falter vs stammer what difference

what is difference between falter and stammer

English

Alternative forms

  • faulter (archaic)

Etymology

From Middle English falteren (to stagger), further origin unknown. Possibly from a North Germanic source such as Old Norse faltrask (be encumbered). May also be a frequentative of fold, although the change from d to t is unusual.

Pronunciation

  • (UK) IPA(key): /ˈfɔːltə(r)/, /ˈfɒltə(r)/

Noun

falter

  1. unsteadiness.

Translations

Verb

falter (third-person singular simple present falters, present participle faltering, simple past and past participle faltered)

  1. To waver or be unsteady; to weaken or trail off.
    • 1672, Richard Wiseman, A Treatise of Wounds
      He found his legs falter.
  2. (transitive, intransitive) To stammer; to utter with hesitation, or in a weak and trembling manner.
    • 1807, Lord Byron, Childish Recollections
      And here he faltered forth his last farewell.
  3. To fail in distinctness or regularity of exercise; said of the mind or of thought.
    • 1832, Isaac Taylor, Saturday Evening
      Here indeed the power of distinctly conceiving of space and distance falters.
  4. To stumble.
  5. (figuratively) To lose faith or vigor; to doubt or abandon (a cause).
    • And remember, comrades, your resolution must never falter.
  6. To hesitate in purpose or action.
  7. To cleanse or sift, as barley.
    (Can we find and add a quotation of Halliwell to this entry?)

Translations

References



English

Etymology

From Middle English stameren, from Old English stamerian, from Proto-West Germanic *stamrōn, from Proto-Germanic *stamrōną (to stammer). Compare German stammeln, Dutch stameren, Old Norse stammr. Doublet of stumble.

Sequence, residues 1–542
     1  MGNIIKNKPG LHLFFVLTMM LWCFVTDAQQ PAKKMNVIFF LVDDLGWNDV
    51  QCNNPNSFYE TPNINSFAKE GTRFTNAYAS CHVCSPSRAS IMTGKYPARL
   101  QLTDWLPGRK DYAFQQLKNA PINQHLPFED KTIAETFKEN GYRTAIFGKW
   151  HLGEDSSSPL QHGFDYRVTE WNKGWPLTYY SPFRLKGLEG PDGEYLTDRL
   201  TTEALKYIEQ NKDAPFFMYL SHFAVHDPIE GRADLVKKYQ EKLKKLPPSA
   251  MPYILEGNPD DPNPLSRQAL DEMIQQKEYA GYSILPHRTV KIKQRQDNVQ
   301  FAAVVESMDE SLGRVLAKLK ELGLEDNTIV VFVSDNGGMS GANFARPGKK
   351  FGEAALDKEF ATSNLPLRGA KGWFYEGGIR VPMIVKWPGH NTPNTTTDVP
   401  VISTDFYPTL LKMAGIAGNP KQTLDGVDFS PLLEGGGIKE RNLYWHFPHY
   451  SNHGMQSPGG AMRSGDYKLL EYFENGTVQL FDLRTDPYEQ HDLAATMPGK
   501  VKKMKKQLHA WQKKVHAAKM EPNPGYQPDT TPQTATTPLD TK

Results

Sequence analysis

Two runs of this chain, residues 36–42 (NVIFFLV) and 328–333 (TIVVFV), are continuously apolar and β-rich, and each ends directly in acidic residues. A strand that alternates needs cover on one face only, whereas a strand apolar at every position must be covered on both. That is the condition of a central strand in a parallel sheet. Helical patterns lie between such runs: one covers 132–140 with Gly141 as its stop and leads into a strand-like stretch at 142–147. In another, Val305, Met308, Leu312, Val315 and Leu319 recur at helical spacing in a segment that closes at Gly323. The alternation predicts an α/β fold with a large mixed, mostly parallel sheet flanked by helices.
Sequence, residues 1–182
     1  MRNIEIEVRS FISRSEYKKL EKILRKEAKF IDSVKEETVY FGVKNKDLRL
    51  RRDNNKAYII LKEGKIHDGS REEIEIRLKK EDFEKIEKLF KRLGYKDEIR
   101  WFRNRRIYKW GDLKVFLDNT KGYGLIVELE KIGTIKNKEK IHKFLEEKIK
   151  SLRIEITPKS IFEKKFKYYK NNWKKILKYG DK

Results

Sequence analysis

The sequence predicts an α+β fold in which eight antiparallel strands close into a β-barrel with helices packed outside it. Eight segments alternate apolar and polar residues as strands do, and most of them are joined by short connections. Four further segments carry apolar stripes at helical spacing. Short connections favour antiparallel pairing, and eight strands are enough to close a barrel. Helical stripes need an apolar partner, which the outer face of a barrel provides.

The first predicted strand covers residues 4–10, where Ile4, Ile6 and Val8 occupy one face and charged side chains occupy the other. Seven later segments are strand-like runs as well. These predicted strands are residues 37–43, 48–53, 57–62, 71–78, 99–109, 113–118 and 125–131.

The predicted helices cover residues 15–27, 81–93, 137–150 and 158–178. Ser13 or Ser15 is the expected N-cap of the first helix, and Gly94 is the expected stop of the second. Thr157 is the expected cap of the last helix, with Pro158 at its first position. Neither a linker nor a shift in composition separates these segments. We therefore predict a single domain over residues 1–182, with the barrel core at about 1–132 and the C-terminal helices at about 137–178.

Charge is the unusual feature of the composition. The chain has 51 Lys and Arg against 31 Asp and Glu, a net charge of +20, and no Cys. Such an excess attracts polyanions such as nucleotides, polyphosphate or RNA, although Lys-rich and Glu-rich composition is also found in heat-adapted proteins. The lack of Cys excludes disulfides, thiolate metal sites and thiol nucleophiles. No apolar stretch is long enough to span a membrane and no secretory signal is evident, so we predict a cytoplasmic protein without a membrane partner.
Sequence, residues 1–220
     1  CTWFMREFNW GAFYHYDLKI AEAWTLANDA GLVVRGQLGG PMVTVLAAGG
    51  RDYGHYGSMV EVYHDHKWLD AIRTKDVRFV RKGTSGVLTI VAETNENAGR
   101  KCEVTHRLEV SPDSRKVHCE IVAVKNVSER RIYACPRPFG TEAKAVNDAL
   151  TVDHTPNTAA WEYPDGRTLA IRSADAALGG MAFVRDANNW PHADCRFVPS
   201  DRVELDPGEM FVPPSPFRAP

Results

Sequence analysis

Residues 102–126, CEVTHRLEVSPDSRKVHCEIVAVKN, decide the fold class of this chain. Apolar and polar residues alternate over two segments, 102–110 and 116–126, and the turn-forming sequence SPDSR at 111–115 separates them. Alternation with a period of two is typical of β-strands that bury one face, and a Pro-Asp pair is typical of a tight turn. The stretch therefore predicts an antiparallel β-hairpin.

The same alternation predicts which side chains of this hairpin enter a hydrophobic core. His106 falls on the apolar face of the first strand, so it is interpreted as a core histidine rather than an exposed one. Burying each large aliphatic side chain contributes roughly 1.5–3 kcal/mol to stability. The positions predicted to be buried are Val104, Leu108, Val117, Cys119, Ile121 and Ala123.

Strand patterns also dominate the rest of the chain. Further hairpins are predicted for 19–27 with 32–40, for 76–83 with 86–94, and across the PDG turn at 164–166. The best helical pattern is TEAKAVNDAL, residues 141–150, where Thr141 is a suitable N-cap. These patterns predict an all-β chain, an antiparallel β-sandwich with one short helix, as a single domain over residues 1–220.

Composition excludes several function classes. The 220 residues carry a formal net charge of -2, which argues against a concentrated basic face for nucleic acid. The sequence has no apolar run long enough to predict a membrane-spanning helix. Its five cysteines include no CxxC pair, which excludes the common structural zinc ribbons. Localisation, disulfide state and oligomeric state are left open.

Pronunciation

  • (UK) IPA(key): /ˈstæmə/
  • (US) IPA(key): /ˈstæmɚ/
  • Rhymes: -æmə(ɹ)

Verb

stammer (third-person singular simple present stammers, present participle stammering, simple past and past participle stammered)

  1. (intransitive) To keep repeating a particular sound involuntarily during speech.
  2. (transitive) To utter with a stammer, or with timid hesitancy.
    • 1927-29, M.K. Gandhi, The Story of My Experiments with Truth, translated 1940 by Mahadev Desai, Part I, Chapter xi:

Synonyms

  • stutter

Translations

Noun

stammer (plural stammers)

  1. The involuntary repetition of a sound in speech.
  2. A speech defect whereby someone speaks with a stammer

Translations

Further reading

  • Douglas Harper (2001–2021), “stammer”, in Online Etymology Dictionary.

Anagrams

  • stremma

Danish

Noun

stammer c

  1. indefinite plural of stamme

Verb

stammer

  1. present of stamme

Norwegian Bokmål

Noun

stammer m

  1. indefinite plural of stamme

Verb

stammer

  1. present tense of stamme

Norwegian Nynorsk

Alternative forms

  • stammar

Noun

stammer m or f

  1. indefinite feminine plural of stamme

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